As a translator, I’ve found myself increasingly drawn to African writing. What began for practical and even opportunistic reasons – seeking works where other translators were not; attracting publishers with grant possibilities – quickly became pure interest and enthusiasm, because the books I came across were so refreshing and intriguing.
Dedalus had been publishing books under its Dedalus Africa seal sporadically: three titles, all translator-led and Lusophone. The third of them was pitched and translated by me – The Ultimate Tragedy by Abdulai Sila – and when Dedalus told me they wanted to turn the imprint into something more substantial, I volunteered to manage the list.
The ‘detective’ side of being a translator is something I’ve always loved: following leads, tracking down obscure titles, uncovering hidden gems. I got the bug when seeking a work from Equatorial Guinea for Words Without Borders. I came across By Night The Mountain Burns by Juan Tomás Ávila Laurel and had never read anything like it. And Other Stories agreed to publish it and so began my African reading odyssey. When I later became aware, via Ann Morgan’s Year of Reading the World project, that no fiction from Guinea-Bissau was available in English, I set out to right that wrong, eventually encountering Sila’s wonderful novel.
The Ultimate Tragedy has met with considerable interest, reviewers and bloggers appreciating its ‘non-conventional’ narrative and its window onto an unknown world. There is a yearning for authenticity in modern times as people wise-up to marketing trends and tire of being told what to consume. In book terms, readers have begun to seek writers from faraway places who are not influenced by publishing trends; writers who write because they have things to say and tell stories on their own terms. These are the books we want to publish at Dedalus Africa.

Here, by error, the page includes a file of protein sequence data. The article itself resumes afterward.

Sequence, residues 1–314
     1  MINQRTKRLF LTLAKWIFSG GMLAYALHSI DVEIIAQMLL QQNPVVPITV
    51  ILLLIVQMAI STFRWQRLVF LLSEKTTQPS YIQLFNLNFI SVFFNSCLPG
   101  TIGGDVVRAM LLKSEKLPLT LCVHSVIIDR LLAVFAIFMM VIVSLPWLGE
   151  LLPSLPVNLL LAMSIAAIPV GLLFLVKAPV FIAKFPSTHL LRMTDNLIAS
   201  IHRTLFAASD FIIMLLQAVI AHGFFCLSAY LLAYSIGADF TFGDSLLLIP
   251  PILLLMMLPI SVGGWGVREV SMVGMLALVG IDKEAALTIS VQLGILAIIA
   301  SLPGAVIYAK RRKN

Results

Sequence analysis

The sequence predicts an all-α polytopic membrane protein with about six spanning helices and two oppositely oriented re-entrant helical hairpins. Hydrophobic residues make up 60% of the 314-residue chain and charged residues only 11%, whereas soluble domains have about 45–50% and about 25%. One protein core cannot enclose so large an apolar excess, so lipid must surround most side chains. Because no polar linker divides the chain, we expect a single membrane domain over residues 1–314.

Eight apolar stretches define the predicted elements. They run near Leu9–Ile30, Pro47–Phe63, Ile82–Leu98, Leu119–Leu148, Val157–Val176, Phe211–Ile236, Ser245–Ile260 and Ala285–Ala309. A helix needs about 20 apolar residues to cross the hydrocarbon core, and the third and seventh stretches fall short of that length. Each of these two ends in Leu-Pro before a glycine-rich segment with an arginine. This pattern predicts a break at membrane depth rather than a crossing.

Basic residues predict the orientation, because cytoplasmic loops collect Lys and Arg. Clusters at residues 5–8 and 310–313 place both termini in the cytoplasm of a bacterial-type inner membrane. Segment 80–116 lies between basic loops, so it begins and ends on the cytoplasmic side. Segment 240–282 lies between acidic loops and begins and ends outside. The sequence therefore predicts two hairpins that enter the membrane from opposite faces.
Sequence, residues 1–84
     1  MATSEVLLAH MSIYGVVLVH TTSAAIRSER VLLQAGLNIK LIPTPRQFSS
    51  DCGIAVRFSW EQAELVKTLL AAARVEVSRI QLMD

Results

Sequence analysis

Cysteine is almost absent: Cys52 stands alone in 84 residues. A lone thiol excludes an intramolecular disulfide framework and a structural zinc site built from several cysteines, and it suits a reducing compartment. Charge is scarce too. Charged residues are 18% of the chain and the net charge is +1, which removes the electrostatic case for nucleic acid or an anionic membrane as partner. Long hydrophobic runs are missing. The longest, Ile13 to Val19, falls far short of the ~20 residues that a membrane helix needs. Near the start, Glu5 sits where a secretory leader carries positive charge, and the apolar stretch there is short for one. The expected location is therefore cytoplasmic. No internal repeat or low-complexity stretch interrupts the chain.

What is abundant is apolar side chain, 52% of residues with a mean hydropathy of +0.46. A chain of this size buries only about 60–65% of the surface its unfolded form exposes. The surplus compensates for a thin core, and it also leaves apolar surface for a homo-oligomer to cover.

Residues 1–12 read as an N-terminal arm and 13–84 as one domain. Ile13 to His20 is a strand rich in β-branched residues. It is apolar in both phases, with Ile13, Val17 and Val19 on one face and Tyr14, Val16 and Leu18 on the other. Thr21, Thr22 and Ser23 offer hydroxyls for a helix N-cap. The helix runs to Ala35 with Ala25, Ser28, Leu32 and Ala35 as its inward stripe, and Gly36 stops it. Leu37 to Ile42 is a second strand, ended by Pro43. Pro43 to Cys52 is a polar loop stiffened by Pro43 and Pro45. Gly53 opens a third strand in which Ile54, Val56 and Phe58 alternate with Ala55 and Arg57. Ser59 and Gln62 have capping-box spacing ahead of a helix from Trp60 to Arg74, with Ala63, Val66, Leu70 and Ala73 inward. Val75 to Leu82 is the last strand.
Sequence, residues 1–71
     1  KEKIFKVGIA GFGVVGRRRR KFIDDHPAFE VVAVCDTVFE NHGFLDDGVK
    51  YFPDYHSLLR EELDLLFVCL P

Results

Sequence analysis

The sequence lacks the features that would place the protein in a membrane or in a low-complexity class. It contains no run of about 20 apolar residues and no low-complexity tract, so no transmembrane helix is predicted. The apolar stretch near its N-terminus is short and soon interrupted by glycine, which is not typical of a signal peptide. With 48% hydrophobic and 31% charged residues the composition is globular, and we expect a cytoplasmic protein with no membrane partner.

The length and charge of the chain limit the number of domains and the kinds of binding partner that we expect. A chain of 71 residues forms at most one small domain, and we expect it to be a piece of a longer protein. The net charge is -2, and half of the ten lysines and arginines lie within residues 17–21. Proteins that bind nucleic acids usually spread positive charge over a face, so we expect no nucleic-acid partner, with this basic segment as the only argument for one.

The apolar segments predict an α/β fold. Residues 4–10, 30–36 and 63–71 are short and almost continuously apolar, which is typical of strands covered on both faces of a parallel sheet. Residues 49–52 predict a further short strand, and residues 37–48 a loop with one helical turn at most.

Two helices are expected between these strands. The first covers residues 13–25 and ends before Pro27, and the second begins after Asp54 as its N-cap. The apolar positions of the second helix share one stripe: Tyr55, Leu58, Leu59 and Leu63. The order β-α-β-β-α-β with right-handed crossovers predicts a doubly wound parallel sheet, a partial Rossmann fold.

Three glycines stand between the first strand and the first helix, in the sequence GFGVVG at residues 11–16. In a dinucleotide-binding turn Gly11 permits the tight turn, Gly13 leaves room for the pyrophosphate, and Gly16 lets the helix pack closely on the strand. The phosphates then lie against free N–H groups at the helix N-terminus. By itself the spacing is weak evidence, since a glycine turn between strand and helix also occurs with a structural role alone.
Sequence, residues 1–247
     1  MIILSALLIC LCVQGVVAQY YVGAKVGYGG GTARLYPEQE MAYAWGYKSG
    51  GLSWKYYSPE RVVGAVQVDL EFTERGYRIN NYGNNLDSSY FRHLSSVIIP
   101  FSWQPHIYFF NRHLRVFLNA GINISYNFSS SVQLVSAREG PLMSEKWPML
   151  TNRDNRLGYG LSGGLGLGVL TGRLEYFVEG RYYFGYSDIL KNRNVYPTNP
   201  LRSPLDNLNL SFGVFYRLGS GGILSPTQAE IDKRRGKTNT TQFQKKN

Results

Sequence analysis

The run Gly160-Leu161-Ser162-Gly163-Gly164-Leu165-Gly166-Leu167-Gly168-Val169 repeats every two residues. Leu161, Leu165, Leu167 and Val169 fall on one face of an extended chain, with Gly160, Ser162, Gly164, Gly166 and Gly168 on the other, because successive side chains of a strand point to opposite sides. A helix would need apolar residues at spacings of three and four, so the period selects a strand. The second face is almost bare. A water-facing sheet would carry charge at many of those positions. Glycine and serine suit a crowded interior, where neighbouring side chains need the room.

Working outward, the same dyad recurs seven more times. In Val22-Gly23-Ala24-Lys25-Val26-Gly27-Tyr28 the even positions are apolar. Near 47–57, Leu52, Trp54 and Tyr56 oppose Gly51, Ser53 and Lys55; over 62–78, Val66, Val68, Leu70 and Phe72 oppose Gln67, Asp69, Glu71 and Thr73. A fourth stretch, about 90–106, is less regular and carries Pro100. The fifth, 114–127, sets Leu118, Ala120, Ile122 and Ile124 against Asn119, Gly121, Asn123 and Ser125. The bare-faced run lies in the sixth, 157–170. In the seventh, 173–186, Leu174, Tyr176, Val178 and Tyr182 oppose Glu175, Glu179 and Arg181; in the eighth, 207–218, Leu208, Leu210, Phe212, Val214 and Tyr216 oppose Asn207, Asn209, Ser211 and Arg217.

We will focus on translation and endeavour to bring fresh voices to English readers, ‘fresh’ in one of a number of ways: they speak of remote communities and experiences English readers know nothing about; they chronicle life in a modern, urban Africa that is generally overlooked by Western publishers drawn to clichéd notions of village tribes and wars. (That’s not to say we won’t publish books about village tribes and wars: we will, but we will seek balance.) We will encourage marginalised, suppressed and outspoken writers and we will promote work from countries and languages that have not previously had books published in English. We will concentrate our efforts on fiction, but we will be on the look out for narrative non-fiction too.
This is all easier said than done, of course. It’s hard to gain such books exposure and they make unlikely bestsellers. Besides, there are additional costs to publishing in translation – rights must be bought, translators properly rewarded – and although English PEN does a brilliant job supporting literary diversity, its resources only stretch so far. So we’ll be exploring membership schemes and seeking sponsors and philanthropists.
I’m a translator of Spanish and Portuguese and I know lots of other translators of European languages, but we are mostly British or American. I don’t know many African or Africa-based translators, whether of Indo-European or mother tongue languages, but I’d like to, not only to commission translations, but for recommendations: translators make the best literary scouts.
So if you’re a translator interested in African literature, an individual or organisation able to sponsor a book, an African writer or a reader who knows a great book that simply must be translated, I’d like to hear from you.
Editor of Dedalus Africa